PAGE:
New book triggers controversy over origins of Christianity in India

Historians researching the Church, however, have questioned the findings. Philip says his study is based on archeological and linguistic studies concerning Christianity.
The book 'Unmasking The Syriacs - The Hidden Origin of Indian Christianity' by Jeevan Philip (Photo |
The book 'Unmasking The Syriacs - The Hidden Origin of Indian Christianity' by Jeevan Philip (Photo |

KOCHI: That St Thomas, one of the 12 apostles of Jesus Christ, first introduced Christianity in India by establishing churches and congregations in the south is a widely-held belief, especially among community members, though there have been theories contradicting the claim.

Now, a new book, Unmasking The Syriacs - The Hidden Origin of Indian Christianity, by Kochi-based researcher Jeevan Philip, has triggered a debate on this long-held belief after it questioned the martyrdom of St Thomas in Mylapore, Chennai, and its prime evidence: the Pahlavi-inscribed (a script used to write Middle Iranian languages) crosses, which indicate the influence of the Manichaen church from Persia. 

Historians researching the Church, however, have questioned the findings. Philip says his study is based on archeological and linguistic studies concerning Christianity, especially eastern Christianity, against the usual methodology of using early writings of church leaders, writers, etc.

According to him, if these suppositions relating to the existence of an apostolic Christianity, especially in south India from the first century, are historically correct, there will be material evidence like symbols, artifacts, Christian architectural remains, etc, like in the case of any western or eastern Christianity in the rest of the world. “The migration of Christianity towards distant places, especially South Asia, happened through the Afro-Euroasian trade network. Naturally, whichever Christianity or sect spread this new faith in South Asia would have to have settlements along the ancient socio-commercial networks,” he says. The book primarily tries to understand the history of Christianity in ancient Thamizhakam based on evidence suggested by church historians since the advent of European colonisation.

The beginning of historical references concerning the Malankara Nasranis (an ancient group of followers of Jesus in India) is rarely found in Roman travelogues or ecclesiastical histories, says Philip. Though there are many references to regions like inner India, upper India, etc, these ancient narratives cannot pinpoint any particular location in the present-day Indian peninsula. In ancient times, India covered such a large geographical area, sometimes referred to as from the borders of Abyssinia to South Arabia, extending up to Sri Lanka. It will be problematic if we suggest these ancient references about India concerning Christianity to any geographical locations of present-day India, where an old Christian community exists today, he says.

Pahlavi cross, Mylapore
Pahlavi cross, Mylapore

Dr M Kurian Thomas, one of the leading Orthodox Christian historians, however, says Philip’s theory has twin motives. “First, he wants to establish that the St Thomas origin of Syrian Christians has not happened. Two, he tries to prove that Mani, the East Syriac or Persian heretic, or his disciples have founded Christianity in India. To establish it, he has tied up various facts with no obvious connections,” he says.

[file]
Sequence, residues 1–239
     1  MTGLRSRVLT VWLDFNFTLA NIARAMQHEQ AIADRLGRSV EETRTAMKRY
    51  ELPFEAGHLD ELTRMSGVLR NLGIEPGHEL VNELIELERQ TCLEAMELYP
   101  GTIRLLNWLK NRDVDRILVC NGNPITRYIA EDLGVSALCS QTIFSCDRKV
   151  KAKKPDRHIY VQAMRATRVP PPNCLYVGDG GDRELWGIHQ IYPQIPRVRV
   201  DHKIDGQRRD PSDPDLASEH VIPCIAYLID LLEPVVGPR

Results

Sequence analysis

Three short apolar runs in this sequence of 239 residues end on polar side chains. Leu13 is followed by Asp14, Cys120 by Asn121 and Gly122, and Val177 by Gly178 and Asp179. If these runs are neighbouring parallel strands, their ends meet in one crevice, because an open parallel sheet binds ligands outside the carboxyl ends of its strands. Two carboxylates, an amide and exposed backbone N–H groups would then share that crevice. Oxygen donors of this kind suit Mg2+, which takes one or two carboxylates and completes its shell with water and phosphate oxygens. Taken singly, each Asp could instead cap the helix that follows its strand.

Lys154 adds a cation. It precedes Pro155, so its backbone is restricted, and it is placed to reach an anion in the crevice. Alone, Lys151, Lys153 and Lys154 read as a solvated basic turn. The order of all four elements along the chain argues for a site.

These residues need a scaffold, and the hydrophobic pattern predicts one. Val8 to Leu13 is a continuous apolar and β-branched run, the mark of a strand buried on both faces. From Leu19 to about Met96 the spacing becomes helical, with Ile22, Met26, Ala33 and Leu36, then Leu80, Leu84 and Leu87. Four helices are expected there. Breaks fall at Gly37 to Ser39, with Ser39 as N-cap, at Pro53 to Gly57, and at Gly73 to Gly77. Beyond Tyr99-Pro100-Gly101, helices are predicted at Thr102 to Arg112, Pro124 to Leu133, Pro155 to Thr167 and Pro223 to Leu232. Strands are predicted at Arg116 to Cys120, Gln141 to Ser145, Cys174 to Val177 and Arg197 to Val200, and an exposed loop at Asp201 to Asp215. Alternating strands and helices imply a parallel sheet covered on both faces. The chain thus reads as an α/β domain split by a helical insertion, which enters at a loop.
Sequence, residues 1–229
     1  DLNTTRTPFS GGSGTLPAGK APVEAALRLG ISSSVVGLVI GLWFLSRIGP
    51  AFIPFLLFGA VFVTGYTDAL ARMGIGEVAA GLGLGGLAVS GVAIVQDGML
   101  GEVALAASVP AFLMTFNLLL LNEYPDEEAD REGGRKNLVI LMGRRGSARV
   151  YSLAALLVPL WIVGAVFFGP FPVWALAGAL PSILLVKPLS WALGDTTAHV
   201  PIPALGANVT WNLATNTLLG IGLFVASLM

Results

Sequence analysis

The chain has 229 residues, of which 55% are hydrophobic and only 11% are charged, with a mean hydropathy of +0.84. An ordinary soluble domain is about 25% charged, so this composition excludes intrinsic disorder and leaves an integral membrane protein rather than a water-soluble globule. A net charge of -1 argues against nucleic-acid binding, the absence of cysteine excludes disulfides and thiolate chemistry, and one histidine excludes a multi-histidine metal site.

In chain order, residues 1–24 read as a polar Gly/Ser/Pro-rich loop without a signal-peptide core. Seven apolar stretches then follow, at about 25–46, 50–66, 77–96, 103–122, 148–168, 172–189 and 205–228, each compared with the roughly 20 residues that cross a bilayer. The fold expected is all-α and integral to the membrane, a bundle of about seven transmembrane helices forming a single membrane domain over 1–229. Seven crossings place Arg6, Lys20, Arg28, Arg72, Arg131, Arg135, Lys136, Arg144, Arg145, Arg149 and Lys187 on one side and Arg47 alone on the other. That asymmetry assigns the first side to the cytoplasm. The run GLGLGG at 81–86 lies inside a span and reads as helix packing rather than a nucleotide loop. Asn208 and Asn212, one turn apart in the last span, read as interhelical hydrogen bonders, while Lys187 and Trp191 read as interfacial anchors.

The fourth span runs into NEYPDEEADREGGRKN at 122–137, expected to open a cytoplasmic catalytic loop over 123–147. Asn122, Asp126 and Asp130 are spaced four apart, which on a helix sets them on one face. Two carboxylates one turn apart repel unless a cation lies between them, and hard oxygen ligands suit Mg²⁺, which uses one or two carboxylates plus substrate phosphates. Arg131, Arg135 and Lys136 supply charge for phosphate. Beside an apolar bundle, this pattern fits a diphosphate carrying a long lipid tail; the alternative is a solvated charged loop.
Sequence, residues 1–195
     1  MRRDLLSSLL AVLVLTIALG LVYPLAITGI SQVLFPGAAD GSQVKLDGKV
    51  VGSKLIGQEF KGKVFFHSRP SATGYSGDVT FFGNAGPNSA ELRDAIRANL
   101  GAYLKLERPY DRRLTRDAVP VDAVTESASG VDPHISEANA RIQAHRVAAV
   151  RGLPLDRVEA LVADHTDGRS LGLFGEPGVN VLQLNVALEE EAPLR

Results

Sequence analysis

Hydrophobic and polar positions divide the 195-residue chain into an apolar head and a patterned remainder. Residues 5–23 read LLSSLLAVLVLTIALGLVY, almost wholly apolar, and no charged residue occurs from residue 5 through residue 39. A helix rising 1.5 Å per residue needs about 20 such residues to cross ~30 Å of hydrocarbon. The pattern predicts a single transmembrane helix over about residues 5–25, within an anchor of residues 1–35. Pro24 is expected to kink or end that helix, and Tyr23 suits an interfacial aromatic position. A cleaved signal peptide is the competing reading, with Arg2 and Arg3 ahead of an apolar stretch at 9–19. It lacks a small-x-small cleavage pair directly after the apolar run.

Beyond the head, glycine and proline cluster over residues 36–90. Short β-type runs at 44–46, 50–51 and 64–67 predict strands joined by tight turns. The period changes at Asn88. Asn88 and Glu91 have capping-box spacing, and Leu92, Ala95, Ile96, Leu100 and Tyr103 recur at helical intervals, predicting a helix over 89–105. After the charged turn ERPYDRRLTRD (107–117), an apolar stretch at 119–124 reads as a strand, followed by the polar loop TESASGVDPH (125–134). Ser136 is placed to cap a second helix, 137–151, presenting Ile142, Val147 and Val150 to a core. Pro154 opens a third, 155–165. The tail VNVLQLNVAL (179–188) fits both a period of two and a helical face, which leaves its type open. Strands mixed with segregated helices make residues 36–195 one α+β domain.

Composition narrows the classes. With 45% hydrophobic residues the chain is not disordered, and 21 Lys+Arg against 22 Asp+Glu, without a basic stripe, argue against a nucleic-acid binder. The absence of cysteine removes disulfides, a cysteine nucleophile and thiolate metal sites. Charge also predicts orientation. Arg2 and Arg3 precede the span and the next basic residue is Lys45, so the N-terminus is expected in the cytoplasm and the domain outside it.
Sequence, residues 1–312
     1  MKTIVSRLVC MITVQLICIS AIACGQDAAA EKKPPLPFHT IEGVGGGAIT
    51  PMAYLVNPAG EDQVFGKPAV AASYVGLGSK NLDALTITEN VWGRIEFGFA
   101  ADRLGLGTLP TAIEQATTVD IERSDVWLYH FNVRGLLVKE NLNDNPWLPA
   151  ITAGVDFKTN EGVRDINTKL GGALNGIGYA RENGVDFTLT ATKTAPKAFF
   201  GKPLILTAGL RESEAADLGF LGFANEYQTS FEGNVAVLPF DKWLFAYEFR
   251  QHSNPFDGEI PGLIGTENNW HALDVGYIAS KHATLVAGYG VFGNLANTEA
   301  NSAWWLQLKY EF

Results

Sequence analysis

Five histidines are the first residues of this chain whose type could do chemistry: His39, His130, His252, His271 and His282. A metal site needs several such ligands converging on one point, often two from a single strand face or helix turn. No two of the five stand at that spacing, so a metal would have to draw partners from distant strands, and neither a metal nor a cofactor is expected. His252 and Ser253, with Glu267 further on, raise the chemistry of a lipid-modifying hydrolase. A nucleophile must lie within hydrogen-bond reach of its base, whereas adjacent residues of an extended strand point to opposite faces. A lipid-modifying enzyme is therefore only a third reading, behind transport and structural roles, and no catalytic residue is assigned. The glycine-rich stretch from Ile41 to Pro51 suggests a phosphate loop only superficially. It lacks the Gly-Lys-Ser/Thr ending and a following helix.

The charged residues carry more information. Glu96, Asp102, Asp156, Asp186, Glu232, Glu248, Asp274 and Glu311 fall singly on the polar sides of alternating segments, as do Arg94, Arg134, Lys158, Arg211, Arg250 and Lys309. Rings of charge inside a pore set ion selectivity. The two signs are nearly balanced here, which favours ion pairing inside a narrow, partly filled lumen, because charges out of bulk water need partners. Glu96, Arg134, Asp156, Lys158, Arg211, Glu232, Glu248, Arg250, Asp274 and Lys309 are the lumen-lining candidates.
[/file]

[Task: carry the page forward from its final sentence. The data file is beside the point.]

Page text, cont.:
One of the glaring mistakes, according to Dr Thomas, is to assume that since there are no literary evidence of those periods of St Thomas, there is no possibility of the apostle’s arrival in India. 

“The apostle has not come here to write literary pieces or to make documentation. He has come to spread the word of his guru,” explains Dr Thomas. “If you look at history, there are no contemporary documents on Sree Sankaracharya, or the first references on Sri Buddha are made only after three centuries in one of Ashoka’s edicts,” he says. Dr Thomas points out that it’s an established fact that Kerala and Red Sea ports had a maritime trade going back to at least 500 BC. 

Fr Paul Thelakat, the former spokesperson of the Syro-Malabar Church, says Philip’s assumptions make it problematic for Christians in Kerala on two important aspects. 

“First, is whether St Thomas came here. The most burning issue however is the relevance of the Manichaen cross or the Pahlavi cross. According to him, that cross is definitely a Manichaen cross. There are many historians who said the same thing. But many people in the church, especially in Pala, Changanassery and Kottayam, are taking this cross and giving it so much importance in the church. I am of the opinion that such dubious things cannot be taken as a sacrosanct relic,” Fr Paul says.

Dr Thomas says Mani, the Parthian prophet who founded Manichaeism in the 3rd century AD faded away after his death. “I have spoken to two professors, one from Australia and another from Canada, who have done extensive study on Mani and Manichaeism. Both have found no evidence of any relationship by Mani or his disciples with India,” he added.

Related Stories

No stories found.

The New Indian Express